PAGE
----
Mostly thanks to social media, there seems to be an increase in the demand for contemporary art in the recent decade in Jakarta. But is there any downside to this? And does the government share the same enthusiasm?
In recent years, art has been thriving in Jakarta. Every year for the last couple of years, at least two art fairs open its doors to a growing Jakarta audience. This year, a new art fair, Art Moments, emerged last May, replacing Art Stage Jakarta, which seems to have faced its tragic ending due to certain management problems. At the end of August this year, Art Jakarta will be held in a much larger scale and with a new configuration of ownership and management, at the Jakarta Convention Center.
Visitors to art fairs, art exhibitions, art museums and museums in general have continued to increase over the last few years. A significant increase in visitation of art venues can be seen to have started around 2012 parallel to the increased popularity of social media. Another boom seem to have happened in the last two years and this can be attributed did the rise in popularity of Instagram.
While Museum Macan’s popularity was fueled by highly instagrammable shows featuring the works of Yayoi Kusama, there were incidences where artworks were damaged due to excessive selfie enthusiasm on the part of some visitors. This leads observers to question: the number of visitors has indeed increased significantly, but what about the quality of their visit? It seems fair to roughly estimate that only 20 per cent of the general public hoarding contemporary art exhibitions today actually have an interest beyond being seen posing near the art pieces. However, contemporary art curator Grace Samboh observed that almost half of the visitors of the previous Yogyakarta Biennale and other contemporary art exhibitions in Yogyakarta, either discussed the artworks or the exhibition amongst their groups, or googled the artists to find more information. Although the exhibitions that she mentioned might not be the Blockbuster exhibitions attended by hundreds or thousands of visitors, it is still a good sign of hope that there will be progress in the quality of visitation to art exhibitions and events.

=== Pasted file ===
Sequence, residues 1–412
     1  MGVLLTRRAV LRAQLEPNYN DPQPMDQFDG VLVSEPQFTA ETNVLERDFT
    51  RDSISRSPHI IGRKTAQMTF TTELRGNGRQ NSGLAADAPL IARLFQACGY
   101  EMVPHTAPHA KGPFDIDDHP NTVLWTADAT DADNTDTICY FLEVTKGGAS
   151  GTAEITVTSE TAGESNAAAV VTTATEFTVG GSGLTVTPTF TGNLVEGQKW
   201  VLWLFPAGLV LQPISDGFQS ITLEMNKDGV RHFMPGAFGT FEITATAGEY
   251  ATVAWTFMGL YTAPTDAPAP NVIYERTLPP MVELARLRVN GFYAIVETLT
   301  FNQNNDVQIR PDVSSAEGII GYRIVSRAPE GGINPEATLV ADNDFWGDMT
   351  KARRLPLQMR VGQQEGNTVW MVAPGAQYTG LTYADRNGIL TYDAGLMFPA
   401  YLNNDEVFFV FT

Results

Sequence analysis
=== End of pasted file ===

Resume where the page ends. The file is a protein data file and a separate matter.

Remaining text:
What we might need to worry about is the gate of the artists. In 2006-8, when Indonesian contemporary art suddenly was in high demand following the boom in Chinese contemporary art, many artists painting in conventional manners started to shift their style and imagery mimicking the style of the most popular contemporary Indonesian and Chinese artists. They were lost and confused, unable to comprehend what it was that made art contemporary. They failed to understand that “contemporary” is not a style!
Recently, there was news about a significant increase of the budget allocated by the Jakarta government for the Jakarta Arts Council. For the fine art committee, this year’s budget is IDR 1,5 billion, up from around IDR 500-600 million in the previous couple of years. Although the number is still modest, the increase in budget also gives a sign of hope for the development of art in Jakarta. We hope that it means that better art exhibitions and events will happen in Jakarta, and hopefully it will also allow artists to express themselves freely without feeling the need to adopt a new style in order to obtain recognition and appreciation.
Sheer numbers don’t lie, and the future of contemporary art in Jakarta is at least on the right path. As we ponder on this subject, our main story in this issue will take you to other forms of contemporary art, including those closer to the community. Flip on to enjoy our special editorial features as we dissect this particular side of Jakarta, including interviews with prominent art figures like Rina Ciputra and Eko Nugroho.
Read on and discover Jakarta Players, Jakarta’s oldest English-speaking theatre community, Betawi’s cultural village of Setu Babakan, a round-up of contemporary art movements within the society open to anyone, and many more. But before that, let us have a look at something that’s not quite contemporary, but an important part of our nation’s artistic history nonetheless.